RUSSELLVILLE — On a regular weekday, there’s hustle and bustle at the intersection of O and Arkansas streets, the main entrance to Arkansas Tech University.
Students drive onto campus trying to find that coveted parking spot. Others walk or bike to classes from nearby apartments. And even more mill around farther along O Street, which extends west through the middle of the campus and almost splits it in two.
But the state’s third-largest public university has something else in mind for that entryway.
It is looking to limit the vehicular traffic, creating a more pedestrian-friendly entrance, and to buff up the nearby area with new buildings that will draw people onto the campus, according to a proposal in its newest campus master plan. The plan, a living document, will guide the university’s renovations and new capital projects for the next two decades.
“This is a plan,” Arkansas Tech President Robin Bowen said. “And we will need to try to look for funding opportunities to help us with the plan moving forward. We’re very excited about it, and we want to move forward as quickly as we can, dependent on funding assistance that we’re likely to receive.”
In 2015, the university started a strategic planning process, after which the university stated its four main goals, including giving students a learning environment for them to succeed. Once that wrapped up in January, Arkansas Tech began laying the groundwork for the campus master plan, retaining architecture and design firm Perkins+Will, and creating committees to focus on certain aspects of the university.
The firm’s representatives presented the plan to the campus community last week. The group will put on the finishing touches before the plan goes to Arkansas Tech’s board of trustees for approval Oct. 19. The panel will direct planning phases for each of the individual projects, said Sam Strasner, the university’s spokesman.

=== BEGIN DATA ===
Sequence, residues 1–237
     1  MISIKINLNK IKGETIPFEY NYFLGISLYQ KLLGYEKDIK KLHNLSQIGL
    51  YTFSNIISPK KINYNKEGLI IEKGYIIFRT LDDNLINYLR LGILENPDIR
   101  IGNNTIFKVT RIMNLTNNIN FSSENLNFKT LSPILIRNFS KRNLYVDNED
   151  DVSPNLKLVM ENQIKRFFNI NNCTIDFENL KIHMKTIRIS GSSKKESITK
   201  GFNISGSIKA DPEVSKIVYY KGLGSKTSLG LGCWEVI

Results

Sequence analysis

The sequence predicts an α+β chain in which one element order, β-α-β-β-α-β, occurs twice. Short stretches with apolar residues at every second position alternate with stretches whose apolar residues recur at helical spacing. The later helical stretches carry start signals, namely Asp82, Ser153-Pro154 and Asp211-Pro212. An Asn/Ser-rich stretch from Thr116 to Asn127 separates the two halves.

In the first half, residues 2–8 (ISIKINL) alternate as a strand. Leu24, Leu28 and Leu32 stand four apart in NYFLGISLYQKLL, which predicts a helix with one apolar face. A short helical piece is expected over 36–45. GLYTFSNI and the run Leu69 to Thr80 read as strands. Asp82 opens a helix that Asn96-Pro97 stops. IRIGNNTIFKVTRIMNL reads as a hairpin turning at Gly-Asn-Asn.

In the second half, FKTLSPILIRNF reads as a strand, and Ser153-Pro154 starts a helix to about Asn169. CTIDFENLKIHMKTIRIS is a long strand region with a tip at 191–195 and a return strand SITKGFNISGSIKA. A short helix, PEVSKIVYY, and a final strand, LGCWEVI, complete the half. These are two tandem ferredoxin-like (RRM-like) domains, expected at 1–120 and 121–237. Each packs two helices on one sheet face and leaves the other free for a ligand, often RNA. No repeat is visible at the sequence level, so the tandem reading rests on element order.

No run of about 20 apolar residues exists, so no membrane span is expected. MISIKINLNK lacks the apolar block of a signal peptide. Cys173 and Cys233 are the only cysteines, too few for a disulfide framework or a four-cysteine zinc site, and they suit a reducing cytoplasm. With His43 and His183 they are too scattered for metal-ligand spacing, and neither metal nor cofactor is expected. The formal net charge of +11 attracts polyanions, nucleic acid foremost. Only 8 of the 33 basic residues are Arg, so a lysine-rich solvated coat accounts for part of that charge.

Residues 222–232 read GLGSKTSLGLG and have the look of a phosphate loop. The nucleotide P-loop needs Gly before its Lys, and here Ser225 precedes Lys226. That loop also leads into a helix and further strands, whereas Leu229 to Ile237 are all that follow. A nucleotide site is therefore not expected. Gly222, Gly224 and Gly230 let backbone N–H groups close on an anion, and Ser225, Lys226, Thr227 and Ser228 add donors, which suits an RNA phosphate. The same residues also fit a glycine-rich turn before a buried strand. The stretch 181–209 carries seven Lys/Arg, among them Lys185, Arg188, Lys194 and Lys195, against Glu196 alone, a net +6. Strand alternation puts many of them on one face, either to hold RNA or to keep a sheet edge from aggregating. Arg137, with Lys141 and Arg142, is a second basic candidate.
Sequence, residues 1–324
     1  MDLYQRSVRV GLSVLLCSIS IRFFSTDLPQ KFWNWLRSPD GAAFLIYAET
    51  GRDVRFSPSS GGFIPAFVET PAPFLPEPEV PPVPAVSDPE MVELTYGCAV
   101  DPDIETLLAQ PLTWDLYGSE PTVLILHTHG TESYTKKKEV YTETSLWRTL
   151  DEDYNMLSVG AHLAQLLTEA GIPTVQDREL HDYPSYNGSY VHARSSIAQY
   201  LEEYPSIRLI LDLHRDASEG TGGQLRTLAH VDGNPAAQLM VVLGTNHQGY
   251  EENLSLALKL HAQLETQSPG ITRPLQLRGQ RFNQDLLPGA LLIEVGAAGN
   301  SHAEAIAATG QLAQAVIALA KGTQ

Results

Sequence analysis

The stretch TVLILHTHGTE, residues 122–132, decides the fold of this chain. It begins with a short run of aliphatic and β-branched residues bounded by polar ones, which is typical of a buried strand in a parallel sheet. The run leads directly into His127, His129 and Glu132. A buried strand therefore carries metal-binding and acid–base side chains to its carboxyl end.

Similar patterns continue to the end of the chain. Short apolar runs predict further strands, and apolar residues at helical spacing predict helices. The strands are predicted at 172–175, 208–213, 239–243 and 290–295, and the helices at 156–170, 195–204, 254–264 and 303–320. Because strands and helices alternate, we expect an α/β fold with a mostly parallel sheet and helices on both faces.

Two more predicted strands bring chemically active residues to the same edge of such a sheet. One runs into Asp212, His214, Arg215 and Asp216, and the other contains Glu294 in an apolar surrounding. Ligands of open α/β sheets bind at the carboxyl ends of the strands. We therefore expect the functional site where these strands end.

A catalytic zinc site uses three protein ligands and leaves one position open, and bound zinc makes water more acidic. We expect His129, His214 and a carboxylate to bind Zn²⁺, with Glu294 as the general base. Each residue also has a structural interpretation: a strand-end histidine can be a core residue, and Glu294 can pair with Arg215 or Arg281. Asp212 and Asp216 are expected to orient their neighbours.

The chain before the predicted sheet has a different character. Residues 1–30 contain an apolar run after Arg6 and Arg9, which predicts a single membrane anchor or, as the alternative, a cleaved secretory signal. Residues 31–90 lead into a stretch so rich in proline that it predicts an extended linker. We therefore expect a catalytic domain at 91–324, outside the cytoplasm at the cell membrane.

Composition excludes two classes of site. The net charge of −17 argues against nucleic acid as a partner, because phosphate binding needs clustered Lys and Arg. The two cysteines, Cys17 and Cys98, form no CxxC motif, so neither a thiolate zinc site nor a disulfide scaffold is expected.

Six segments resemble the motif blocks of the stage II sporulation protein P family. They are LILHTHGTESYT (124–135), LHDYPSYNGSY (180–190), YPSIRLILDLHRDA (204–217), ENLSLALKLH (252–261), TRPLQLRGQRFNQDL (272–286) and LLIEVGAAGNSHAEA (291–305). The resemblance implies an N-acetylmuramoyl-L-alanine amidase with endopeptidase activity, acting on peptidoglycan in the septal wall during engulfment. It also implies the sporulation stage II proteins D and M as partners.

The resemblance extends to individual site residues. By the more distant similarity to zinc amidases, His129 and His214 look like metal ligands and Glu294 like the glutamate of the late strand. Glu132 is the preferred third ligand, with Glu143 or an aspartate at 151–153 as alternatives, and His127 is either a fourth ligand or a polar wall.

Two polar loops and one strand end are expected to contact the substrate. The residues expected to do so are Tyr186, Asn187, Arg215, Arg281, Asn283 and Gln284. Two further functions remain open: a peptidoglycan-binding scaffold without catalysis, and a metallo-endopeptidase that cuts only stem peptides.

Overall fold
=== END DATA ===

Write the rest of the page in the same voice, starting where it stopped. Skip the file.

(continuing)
From the study, university leaders learned that Arkansas Tech’s main needs involve updating a number of its facilities, Bowen said.
The university asked the firm to identify the remaining lifetime of each of its buildings and whether it would be more prudent to rebuild or to renovate. As an example, Bowen said Witherspoon Hall — a 45-year-old building that houses liberal arts programs, along with band and music programs — has passed its prime. But the university cannot tear down the building until it has a replacement, she said.
Another part of the study looked at Arkansas Tech’s current usage of its buildings and found that the campus had more than enough capacity for classrooms but was lacking in office spaces. Faculty shared offices in multiple instances. Now, campus leaders are considering repurposing some spaces to create more academic offices, Bowen said.
The campus master plan sets out priority projects, incremental or summer projects and long-term aspirations.
It lists more than a dozen projects as a “priority,” including updating card access for its campus buildings; having a new building for science, technology, engineering and mathematics, typically known as STEM, which would bring the “tech back into Tech;” building a new performing arts center; getting more farmland; adding new on-campus student housing; and building a new student union/recreational center.
The firm heard from several groups that the university sorely needs a recreational center for its size, said Peter Baird, an associate at the design firm.